Just days after Hurricane Sandy blew through the Northeast, leaving huge swaths of New York City powerless and flooded, anger is rising among residents as shortages in food, gasoline and basic supplies begin to take their toll.
In what is becoming a case study for why disaster preparedness is so vital, state troopers are being deployed in greater numbers at gas stations along the New Jersey Turnpike and Garden State Parkway, where stocks of gasoline are beginning to run low, causing frayed nerves and high angst on the third full day of massive power outages that industry analysts don’t expect will be fixed too soon.
Fox News and other outlets are reporting that frustration with dwindling supplies of gasoline and other necessities of life is beginning to boil over in the tri-state region of New York, New Jersey and Connecticut, the states hardest hit by superstorm Sandy-caused power outages.
“Residents jockeyed for fuel at the few stations still pumping, searched store shelves in vain for batteries, struggled with sporadic cell phone service and found themselves unable to buy necessities at supermarkets,” Fox News reported.
In statements released to reporters, New Jersey State Police officials said their officers would be deployed in conjunction with local police, “to ensure safety and security.”
“Troopers have been deployed to monitor the operational gas stations at the rest areas along the turnpike,” New Jersey State Police Sgt. Adam Grossman told Fox News.
‘You’re waiting in line for five friggin’ gallons of gas!’
A d v e r t i s e m e n t
Gas has been in heavy demand in the region following the storm, both to power automobiles and for home generators. It’s one commodity that has thousands waiting in line, which is only adding to the frustration and loss of patience.
In Wayne, N.J., for instance, police reported that they were forced to break up heated confrontations at gas stations all day long Wednesday. In Brooklyn, meanwhile, tempers overheated at a Getty station, as some drivers exited their cars and exchanged angry words.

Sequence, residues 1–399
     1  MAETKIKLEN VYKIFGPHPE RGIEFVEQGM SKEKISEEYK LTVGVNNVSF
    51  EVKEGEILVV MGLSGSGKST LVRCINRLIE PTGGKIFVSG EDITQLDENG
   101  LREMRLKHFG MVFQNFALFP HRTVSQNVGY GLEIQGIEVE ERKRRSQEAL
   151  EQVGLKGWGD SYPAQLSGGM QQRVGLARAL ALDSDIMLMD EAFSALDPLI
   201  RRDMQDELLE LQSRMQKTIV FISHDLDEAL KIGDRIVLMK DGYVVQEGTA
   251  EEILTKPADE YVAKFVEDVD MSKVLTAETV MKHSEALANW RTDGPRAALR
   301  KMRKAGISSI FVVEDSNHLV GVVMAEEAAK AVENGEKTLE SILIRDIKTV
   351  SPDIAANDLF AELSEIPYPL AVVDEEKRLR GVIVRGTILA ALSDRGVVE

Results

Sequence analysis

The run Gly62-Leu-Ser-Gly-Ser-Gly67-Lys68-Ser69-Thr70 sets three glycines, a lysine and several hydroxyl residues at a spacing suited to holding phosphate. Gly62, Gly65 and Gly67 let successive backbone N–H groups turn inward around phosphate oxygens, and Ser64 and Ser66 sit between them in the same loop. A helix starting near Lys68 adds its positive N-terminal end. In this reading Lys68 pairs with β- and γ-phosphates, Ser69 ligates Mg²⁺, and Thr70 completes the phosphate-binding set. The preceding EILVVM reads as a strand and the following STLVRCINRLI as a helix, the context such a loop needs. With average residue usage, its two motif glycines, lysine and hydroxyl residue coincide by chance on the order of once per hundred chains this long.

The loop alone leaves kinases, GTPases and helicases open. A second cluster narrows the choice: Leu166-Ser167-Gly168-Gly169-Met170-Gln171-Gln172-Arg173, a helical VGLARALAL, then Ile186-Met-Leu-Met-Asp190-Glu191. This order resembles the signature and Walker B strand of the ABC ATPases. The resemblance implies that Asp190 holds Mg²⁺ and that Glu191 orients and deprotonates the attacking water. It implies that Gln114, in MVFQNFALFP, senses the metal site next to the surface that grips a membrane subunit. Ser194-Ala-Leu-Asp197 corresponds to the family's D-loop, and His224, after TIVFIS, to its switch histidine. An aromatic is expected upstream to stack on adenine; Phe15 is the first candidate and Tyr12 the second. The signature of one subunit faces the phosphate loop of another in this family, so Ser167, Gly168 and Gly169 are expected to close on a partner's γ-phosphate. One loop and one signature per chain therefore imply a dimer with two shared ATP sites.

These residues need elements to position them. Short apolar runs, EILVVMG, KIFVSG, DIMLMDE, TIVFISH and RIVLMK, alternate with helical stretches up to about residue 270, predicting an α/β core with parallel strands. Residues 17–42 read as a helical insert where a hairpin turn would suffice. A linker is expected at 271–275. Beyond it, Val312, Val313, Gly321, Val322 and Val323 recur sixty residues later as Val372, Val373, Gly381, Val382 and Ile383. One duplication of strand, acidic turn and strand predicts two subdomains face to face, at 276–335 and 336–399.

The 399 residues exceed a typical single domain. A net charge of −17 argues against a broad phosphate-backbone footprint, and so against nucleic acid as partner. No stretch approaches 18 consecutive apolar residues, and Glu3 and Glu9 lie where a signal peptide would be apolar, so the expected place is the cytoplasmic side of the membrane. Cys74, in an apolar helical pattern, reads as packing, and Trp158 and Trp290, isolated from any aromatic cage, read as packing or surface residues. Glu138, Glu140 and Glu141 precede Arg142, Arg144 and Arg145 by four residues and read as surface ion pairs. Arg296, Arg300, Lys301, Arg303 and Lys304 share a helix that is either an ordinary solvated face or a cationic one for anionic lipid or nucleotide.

“I don’t have any lights and need this gasoline for my generator,” Abdul Rahim Anwar told Reuters as he waited at a Getty service station in Gowanus, Brooklyn.
He wasn’t the only one.
Officials say better than half of all gas stations in the New York City area and New Jersey are not operating – either because they don’t have fuel or because they don’t have the electricity to operate their pumps.
Worse, supplies in the area aren’t likely to rise, since a good number of pipelines and refineries have been shuttered due to storm damage. As of Wednesday, reports said, more than 80 percent of gas stations in New Jersey could not sell gasoline.
In southeastern Connecticut, residents were driving more than an hour north to find stations that had power to pump gasoline. One station attendant said the tension becomes especially pronounced after customers wait in line to fill gas cans, as opposed to vehicle fuel tanks.
“You’re waiting in line for five friggin’ gallons of gas,” he said.
In Northvale, N.J., at an Exxon station where a line of cars stretched for a third of a mile into the late hours of Wednesday night, a separate line of men carrying red gas cans inched along as well.
“I’ll wait here all night,” Cliffside Park resident Barry Levin, 42, said. “I need this for my family.”
Aware of the worsening crisis, New Jersey Gov. Chris Christie made moves to increase supplies of gasoline and diesel fuel by cutting red tape that makes it harder for stations to buy from out-of-state suppliers. That waiver will remain in place at least until Nov. 7, his administration said.
“When shortages threaten after natural disasters like Hurricane Sandy, fuel buyers need to venture farther from state borders to ensure that their customers get the gasoline and diesel they need,” Treasurer Andrew Sidamon-Eristoff said. “Temporarily suspending licensing is a prudent way of empowering merchants to buy fuel farther from the state line, boosting supplies for New Jersey motorists who need fuel to get to work and do their jobs.”
Kevin Beyer, head of the Long Island Gasoline Retailers Association in Smithtown, N.Y., said if most customers only knew that the gas they need is sitting just underground at gas stations, it just can’t be pumped at the moment, they’d be even more frustrated……..